Earthquake/Nearly True Tales from San Francisco
It’s not so big, I said, and yet we screamed when the room shook, a carnival-ride fun house, time dancing slow motion across the crest of room-waves.
Wow! and Oh my god! Shit! Bent knees like shock absorbers, the floor a surf board. My electric fry pan skaddadled across the floor and the row of books scattered and slid and then, the shaking eased and wave-lapping onto beach we landed, stood, laughed nervously.
Earthquake! Kate said and we laughed louder.
Damn! There was no end to expletives. But then I assured them again, it’s nothing. These happen all the time in San Francisco.
Really? Kate asked. It seemed kind of big.
No. I shook my head. Not too big….
Eva talked slowly, each word a flavor to identify, savor. I’ve never been in an earthquake, she said. Her words were a confetti cake and we laughed.
Neither have I, Kate added.
All the time, I assured.
Soon then, I was nervous, checking my watch. I have to get to work, I said.
Maybe you don’t have to work? Something subtle, chicory maybe, sprinkled in the question. Eva pulled on her long hair, then slid a band from her wrist and wrapped her hair in a pony tail.
I considered, but no. I shook my head.
I passed my key to Kate. I’ll meet you guys back here after.
Outside, chunks of stone on the sidewalk and a long thin wound on the corner of the building. People spilled onto the street and greeted each other like friends, these my neighbors I’d never seen. There were backslaps and handshakes and worried inquiries. Strangers mingled, some cracked open beer, and two boom-boxes competed at ever increasing volumes. Feels like Carnival, I thought, though I’d never been, and I swallowed the bitter taste of resentment towards work, I had to go.
Hey, a stranger waved. You OK? The sun radiated veils of light, this scene a painting, the opening of heaven. But I hurried to my car. I’d found a dream parking spot on the street and pulled out reluctantly, knowing it was lost.
I had traded the waitressing gig for a shop at Fisherman’s Wharf. The restaurant hours had been excruciating–this new job at the toy store meant I was home by midnight and more rested for the magazine.
Of course, working on the Wharf meant I had to un-park my car and fight traffic. And on this day, the drive was abnormally slow. I watched the dashboard clock and began to panic. I’ll be late, I thought, though an earthquake is a good excuse. Maybe the store would close, the electricity would be out. The traffic signals weren’t working, and the traffic crept towards me, an army of mutant insects from a 1960’s B movie, shining, metallic, ascending. People gathered on sidewalks and waved as I passed I was in a parade passing the parade the only one going opposite. And by me went a yellow bug car, a red Festiva, white and black and faded green sedans, vans and lumbering delivery trucks halting for breath, the burden of their trailers like heavy as with the snail and his shell–and who can bear the weight of the their home on their back? And I detoured and backtracked and wove my way downward toward water, cars honking people waving and now truly late, I turned on the radio for music and maybe some news on earthquakes…fire in the Marina District sections of the San Francisco-Oakland Bay Bridge collapsed Embarcadero crumbling don’t leave where you’re at the World Series cancelled and all power out! Shit! Damn! I swore, one ways and where to turn! But finally I turned, and joined the exodus, the creeping animal of cars and on the radio, the numbers, 6.8, 6.9, 7.2, 6 dead, 15 fires, 7.1, 18 dead, 17 fires, Interstate 280, 6th and Bluxome, 3rd game, 5:04, 6.7, 1906, 10/17.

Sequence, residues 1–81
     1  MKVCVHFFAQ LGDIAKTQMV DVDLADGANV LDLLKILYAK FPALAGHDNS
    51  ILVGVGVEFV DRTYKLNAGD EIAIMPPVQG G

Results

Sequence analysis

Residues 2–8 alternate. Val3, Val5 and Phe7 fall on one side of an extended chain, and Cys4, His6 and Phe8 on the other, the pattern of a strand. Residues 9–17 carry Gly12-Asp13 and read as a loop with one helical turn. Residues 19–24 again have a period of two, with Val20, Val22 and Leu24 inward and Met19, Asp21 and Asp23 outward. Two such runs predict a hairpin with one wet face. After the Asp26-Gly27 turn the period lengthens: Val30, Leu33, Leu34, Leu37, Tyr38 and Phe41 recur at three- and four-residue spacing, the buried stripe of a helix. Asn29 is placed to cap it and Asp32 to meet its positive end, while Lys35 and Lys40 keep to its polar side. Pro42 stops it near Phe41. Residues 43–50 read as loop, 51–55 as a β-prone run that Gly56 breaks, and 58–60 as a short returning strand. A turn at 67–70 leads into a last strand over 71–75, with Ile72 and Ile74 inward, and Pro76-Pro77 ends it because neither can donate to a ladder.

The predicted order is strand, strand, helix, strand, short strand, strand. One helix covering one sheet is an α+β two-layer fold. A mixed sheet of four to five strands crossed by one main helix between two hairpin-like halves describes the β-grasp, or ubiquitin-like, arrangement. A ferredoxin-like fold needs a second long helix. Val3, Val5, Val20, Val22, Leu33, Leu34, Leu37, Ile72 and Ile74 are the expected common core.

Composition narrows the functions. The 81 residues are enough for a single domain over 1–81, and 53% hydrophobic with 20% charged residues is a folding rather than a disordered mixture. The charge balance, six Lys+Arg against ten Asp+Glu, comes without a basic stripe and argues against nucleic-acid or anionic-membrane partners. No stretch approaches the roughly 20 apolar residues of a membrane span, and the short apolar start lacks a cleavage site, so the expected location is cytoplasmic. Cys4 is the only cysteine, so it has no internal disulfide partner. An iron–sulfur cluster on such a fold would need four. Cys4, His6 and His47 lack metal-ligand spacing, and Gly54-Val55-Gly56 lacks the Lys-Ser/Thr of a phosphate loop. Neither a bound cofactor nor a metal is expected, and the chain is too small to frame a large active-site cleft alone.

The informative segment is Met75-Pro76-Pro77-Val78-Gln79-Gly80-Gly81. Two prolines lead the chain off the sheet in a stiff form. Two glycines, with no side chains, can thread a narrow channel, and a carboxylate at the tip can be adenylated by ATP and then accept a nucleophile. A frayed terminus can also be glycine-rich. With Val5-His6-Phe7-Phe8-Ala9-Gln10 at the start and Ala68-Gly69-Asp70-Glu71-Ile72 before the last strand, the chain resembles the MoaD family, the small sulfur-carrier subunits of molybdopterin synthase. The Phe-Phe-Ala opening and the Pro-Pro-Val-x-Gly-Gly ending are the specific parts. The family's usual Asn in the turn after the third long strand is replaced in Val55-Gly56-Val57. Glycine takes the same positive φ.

It took me a good hour to get back the short distance I had traveled, and still, the party on the steps, but a different color, the light was relief, the earthquake had cracked open the day, stripping, unpeeling, plucking, and what remained beneath the layers of obligations, clocks and routine was naked and vibrant, and everyone was the same in their survival. And in the laughing, hysteria.
I buzzed my apartment and Kate buzzed me inside. The sun had arced past my window and what came through was gray, the color of the blanket descending upon the powerless city. Kate and Eva sat on pillows in the center of the room around a camping lantern. Three or four flashlights where placed upright in front of them and they were drinking wine from camping mugs. Eva poured me wine and motioned for me to sit.
You didn’t have to work? Kate asked.
It’s all so fucking surreal. We walked downtown. People were looting, Eva said. And outside the hotels, champagne! She laughed. I think she was drunk.
It was a big earthquake, I said. Kate lit the lantern and we watched our shadows flicker on the walls.